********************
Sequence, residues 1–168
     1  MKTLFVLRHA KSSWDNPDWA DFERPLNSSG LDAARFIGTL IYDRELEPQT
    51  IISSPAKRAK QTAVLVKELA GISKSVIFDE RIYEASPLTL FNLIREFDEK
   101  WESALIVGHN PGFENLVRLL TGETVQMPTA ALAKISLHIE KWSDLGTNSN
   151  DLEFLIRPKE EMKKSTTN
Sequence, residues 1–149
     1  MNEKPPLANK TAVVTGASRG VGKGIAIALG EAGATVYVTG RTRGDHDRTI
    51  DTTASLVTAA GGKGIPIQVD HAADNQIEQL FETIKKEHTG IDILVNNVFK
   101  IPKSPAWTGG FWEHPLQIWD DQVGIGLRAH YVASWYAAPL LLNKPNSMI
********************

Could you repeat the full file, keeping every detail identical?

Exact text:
Sequence, residues 1–168
     1  MKTLFVLRHA KSSWDNPDWA DFERPLNSSG LDAARFIGTL IYDRELEPQT
    51  IISSPAKRAK QTAVLVKELA GISKSVIFDE RIYEASPLTL FNLIREFDEK
   101  WESALIVGHN PGFENLVRLL TGETVQMPTA ALAKISLHIE KWSDLGTNSN
   151  DLEFLIRPKE EMKKSTTN
Sequence, residues 1–149
     1  MNEKPPLANK TAVVTGASRG VGKGIAIALG EAGATVYVTG RTRGDHDRTI
    51  DTTASLVTAA GGKGIPIQVD HAADNQIEQL FETIKKEHTG IDILVNNVFK
   101  IPKSPAWTGG FWEHPLQIWD DQVGIGLRAH YVASWYAAPL LLNKPNSMI